Questions & Answers on Psychiatric Medications
Tadao Ogura, M.D.
How Do Psychiatric Medications Actually Work?
When a person suffers from a psychiatric condition, there is usually some abnormality in the way the brain is working. Sometimes, the abnormality is mild, and the brain activity may just be at only a little lower than the optimum level. In other cases, there may be a severe dysfunction or disorder.
Since the brain is a living organ, it is possible for it to recover, or "heal." For example, if the dysfunction is a result of alcohol intoxication (i.e. a hangover), the brain may recover on its own (i.e. you "sleep it off"). However, when you suffer from a severe depression, "sleeping it off" just does not work, nor will it be a wise action to pursue, although too many people "escape" into sleep.
As noted above, psychiatric medications act on the brain. Some medications actually facilitate recovery and cure certain brain disorders, while others merely compensate for brain dysfunctions to allow the brain (or mind) to function close to its optimum level.
For example, many popular antidepressants such as Prozac, Zoloft and Paxil are classified as Selective Serotonin Reuptake Inhibitors (SSRI) because they block the reuptake of serotonin at the synaptic junctions in the brain and prevent the level of Serotonin from diminishing to too low a level. Other antidepressants like Wellbutrin work as Noradrenergic agents while many "Major Tranquilizers" like Risperdal and Zyprexa work as Dopaminergic agents.
All these medications are believed to affect the balances among the "biological amins" such as Serotonin, Noradrenalin, and Dopamine in the brain. If there are some chemical imbalances, these medications are designed to restore the balances in the brain and normalize the associated "mental functions."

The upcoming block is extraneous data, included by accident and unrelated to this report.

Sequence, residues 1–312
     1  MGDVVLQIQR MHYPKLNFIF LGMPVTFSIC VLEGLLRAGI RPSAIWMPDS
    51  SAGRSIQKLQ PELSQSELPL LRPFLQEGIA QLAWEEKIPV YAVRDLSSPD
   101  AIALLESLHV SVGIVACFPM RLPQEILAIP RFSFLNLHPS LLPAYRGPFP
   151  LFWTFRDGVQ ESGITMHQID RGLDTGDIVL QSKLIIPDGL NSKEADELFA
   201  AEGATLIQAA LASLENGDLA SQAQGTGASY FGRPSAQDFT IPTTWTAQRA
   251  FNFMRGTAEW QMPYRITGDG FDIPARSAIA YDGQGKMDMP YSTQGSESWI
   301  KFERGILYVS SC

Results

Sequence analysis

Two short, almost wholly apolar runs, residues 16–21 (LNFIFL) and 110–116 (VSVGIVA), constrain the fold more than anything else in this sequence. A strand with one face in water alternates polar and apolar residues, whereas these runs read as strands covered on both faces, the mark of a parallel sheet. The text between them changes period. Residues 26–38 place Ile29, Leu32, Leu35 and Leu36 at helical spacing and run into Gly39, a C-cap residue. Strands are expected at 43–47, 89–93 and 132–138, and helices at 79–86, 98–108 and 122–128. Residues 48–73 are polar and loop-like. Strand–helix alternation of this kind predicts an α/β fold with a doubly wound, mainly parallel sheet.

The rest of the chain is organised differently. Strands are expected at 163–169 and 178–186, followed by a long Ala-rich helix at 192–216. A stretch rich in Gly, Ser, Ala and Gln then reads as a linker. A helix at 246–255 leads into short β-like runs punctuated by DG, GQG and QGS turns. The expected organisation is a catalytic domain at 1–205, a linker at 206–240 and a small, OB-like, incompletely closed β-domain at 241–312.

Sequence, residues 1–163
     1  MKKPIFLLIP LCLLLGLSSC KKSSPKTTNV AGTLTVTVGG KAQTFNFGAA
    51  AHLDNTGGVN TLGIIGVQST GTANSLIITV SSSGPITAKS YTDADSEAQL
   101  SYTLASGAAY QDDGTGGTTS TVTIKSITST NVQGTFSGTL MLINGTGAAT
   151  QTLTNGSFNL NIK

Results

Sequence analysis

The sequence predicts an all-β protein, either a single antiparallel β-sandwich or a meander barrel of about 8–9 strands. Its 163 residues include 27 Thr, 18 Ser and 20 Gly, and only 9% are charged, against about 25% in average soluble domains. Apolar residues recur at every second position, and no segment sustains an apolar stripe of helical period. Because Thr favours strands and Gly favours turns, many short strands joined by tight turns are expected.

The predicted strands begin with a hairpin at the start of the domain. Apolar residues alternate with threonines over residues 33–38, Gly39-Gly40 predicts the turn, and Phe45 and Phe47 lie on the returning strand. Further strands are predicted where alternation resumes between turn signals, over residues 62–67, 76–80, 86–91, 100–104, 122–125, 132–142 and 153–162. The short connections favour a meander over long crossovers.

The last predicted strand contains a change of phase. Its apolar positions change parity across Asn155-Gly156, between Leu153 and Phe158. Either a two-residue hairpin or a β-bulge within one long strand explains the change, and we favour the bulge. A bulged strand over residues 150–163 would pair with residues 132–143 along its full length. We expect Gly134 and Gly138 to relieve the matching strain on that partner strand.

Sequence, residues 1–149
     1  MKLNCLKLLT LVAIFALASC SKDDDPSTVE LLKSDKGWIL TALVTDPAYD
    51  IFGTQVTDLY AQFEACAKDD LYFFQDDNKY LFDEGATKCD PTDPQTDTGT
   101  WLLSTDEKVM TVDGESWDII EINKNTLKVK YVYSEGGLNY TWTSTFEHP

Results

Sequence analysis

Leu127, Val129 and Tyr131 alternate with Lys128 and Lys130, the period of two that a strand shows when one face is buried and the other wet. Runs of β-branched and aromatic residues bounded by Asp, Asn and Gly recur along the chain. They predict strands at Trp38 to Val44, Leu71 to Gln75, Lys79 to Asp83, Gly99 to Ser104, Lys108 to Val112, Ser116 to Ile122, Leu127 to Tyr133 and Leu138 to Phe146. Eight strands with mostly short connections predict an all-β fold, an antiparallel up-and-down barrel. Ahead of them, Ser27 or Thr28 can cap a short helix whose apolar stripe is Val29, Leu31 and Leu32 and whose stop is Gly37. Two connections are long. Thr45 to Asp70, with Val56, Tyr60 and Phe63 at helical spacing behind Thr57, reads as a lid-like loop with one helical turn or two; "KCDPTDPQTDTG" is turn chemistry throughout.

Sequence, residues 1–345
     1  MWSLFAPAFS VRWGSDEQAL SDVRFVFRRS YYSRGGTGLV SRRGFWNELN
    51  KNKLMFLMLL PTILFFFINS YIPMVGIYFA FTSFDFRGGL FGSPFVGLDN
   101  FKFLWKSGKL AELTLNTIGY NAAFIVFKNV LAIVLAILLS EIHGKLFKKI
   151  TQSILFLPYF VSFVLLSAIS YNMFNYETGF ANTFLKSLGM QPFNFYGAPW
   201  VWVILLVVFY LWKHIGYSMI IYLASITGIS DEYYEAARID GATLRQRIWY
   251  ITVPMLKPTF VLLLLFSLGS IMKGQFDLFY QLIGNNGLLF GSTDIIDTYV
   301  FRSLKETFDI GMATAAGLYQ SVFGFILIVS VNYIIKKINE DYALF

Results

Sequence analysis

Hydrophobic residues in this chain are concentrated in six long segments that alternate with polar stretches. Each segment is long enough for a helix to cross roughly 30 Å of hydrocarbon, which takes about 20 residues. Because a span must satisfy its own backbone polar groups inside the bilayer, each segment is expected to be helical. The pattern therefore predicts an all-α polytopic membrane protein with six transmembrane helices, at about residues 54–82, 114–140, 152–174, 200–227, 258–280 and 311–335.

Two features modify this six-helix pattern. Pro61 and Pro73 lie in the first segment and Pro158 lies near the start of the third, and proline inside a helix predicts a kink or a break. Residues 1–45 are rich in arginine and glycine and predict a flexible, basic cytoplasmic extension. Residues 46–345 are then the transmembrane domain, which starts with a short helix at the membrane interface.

Some other psychiatric medications work differently. For example, most Benzodiazepines such as Klonopin (Clonazepam) and Ativan (Lorazepam) seem to elevate the threshold of the nerve cell's sensitivity to incoming stimulation. Therefore, they work as anti-seizure medications as well as tranquilizers. Lithium for "Bipolar Disorders" seems to work by affecting sodium transport in nerve cells and to affect a shift towards intraneuronal metabolism of catecholamines. However, the exact mechanism of how Lithium works is still not fully understood, which may be one of the reasons why there have been so many misconceptions about this medication. I have even heard people describe it as an "antidepressant," which, clinically, it is not.
Like many other medications in General Medicine, psychiatric medications have been tested in laboratories first, then on animals, and then, carefully applied to human volunteers to accumulate data on their functions, benefits, and side-effects. Usually, it takes years to find out how and why a particular medication works. But, what matters most, as we will discuss later, is how the medication works for YOU, and for that, you can rely on your "body's natural wisdom."